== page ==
United States presidential election, 2016

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2012 United States 2020
United States presidential election, 2016
November 8, 2016
Donald Trump Pentagon 2017.jpg Hillary Clinton Arizona 2016.jpg
Nominee Donald Trump Hillary Clinton
Party Republican Democrat
Home state New York New York
Running mate Mike Pence Tim Kaine
Electoral vote 304 227
Contests won 30 + ME-02 20 + DC
Popular vote 62,984,825 65,853,516
Percentage 46.1% 48.2%
United States presidential election, 2016

Presidential election results map. Red denotes states won by Trump/Pence. Numbers indicate the number of electoral votes allotted to each state. Blue denotes states won by Clinton/Kaine.

Incumbent President
Barack Obama
Democrat
President-Elect
Donald Trump
Republican

The 2016 election for President of the United States took place on Tuesday, November 8, 2016.[dated info] On that day, voters had elected the 45th President and the 48th Vice President of the United States. Former president Barack Obama was unable to seek re-election for a third term according to the Twenty-second Amendment to the United States Constitution.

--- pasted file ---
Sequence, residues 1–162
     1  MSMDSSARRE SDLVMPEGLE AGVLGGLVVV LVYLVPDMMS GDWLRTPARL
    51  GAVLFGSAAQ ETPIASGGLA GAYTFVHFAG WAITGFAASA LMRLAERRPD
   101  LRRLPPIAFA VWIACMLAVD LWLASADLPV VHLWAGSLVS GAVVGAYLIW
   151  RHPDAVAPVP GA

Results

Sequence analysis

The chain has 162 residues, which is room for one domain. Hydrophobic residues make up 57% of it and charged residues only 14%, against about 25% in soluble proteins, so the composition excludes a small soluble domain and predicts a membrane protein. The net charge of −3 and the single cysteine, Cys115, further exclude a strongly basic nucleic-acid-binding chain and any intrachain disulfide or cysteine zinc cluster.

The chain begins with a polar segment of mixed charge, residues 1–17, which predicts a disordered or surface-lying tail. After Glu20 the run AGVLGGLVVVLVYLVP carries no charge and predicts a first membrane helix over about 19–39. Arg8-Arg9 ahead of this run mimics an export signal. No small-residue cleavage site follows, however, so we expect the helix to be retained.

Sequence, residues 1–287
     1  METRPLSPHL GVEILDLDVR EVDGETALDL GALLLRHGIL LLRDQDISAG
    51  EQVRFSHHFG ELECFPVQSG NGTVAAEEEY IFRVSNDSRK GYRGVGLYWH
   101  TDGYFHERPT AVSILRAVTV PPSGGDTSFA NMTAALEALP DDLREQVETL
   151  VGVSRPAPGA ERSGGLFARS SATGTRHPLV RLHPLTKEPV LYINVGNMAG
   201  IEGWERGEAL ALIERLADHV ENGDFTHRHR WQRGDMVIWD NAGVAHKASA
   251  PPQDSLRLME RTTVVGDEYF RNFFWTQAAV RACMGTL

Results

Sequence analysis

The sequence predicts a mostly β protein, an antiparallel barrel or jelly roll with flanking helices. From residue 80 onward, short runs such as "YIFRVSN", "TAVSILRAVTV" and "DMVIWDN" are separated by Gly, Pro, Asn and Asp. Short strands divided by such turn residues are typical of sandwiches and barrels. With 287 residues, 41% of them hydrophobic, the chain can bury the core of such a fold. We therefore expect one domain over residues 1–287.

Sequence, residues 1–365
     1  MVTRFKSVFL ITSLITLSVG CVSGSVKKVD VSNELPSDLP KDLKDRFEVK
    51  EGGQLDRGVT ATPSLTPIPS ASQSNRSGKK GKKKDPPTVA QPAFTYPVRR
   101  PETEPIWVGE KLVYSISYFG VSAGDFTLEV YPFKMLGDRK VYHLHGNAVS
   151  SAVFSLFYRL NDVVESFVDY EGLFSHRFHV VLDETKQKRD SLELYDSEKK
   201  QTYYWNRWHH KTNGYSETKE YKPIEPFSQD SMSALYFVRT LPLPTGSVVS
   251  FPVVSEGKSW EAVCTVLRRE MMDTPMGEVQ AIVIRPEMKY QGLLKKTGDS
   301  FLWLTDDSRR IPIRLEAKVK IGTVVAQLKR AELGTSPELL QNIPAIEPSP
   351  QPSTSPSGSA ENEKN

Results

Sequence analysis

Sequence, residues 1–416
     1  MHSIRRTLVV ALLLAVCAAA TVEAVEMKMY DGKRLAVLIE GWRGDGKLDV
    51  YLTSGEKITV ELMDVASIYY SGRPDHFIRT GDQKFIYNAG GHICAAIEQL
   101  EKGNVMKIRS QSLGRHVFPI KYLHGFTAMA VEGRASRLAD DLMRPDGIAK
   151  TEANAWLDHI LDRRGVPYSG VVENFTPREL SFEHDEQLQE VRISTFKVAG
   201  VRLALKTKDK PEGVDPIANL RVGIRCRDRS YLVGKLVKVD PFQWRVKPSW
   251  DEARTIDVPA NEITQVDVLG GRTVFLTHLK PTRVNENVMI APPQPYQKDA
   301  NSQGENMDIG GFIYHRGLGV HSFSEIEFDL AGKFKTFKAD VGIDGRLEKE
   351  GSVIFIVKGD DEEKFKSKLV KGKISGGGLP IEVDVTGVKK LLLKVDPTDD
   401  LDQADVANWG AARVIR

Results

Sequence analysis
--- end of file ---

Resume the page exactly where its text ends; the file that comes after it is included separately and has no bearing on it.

After the election, Donald Trump was named President-elect of the United States while his running mate Mike Pence was named Vice President-elect of the United States.[1] Trump received 304 electoral votes, 34 more votes than what was needed to win, while Clinton received 227.[2] Even though Clinton won the popular vote, the electoral votes decide the actual winner of the election. Trump took office on January 20, 2017.

Background[change | change source]

Article Two of the United States Constitution provides that for a person to be elected and serve as President of the United States, the individual must be a natural-born citizen of the United States, at least 35 years old, and a resident of the United States for a period of no less than 14 years.

Candidates for the presidency typically seek the nomination of one of the various political parties of the United States, in which case each party devises a method (such as a primary election) to choose the candidate the party deems best suited to run for the position. The party's delegates then officially nominate a candidate to run on the party's behalf.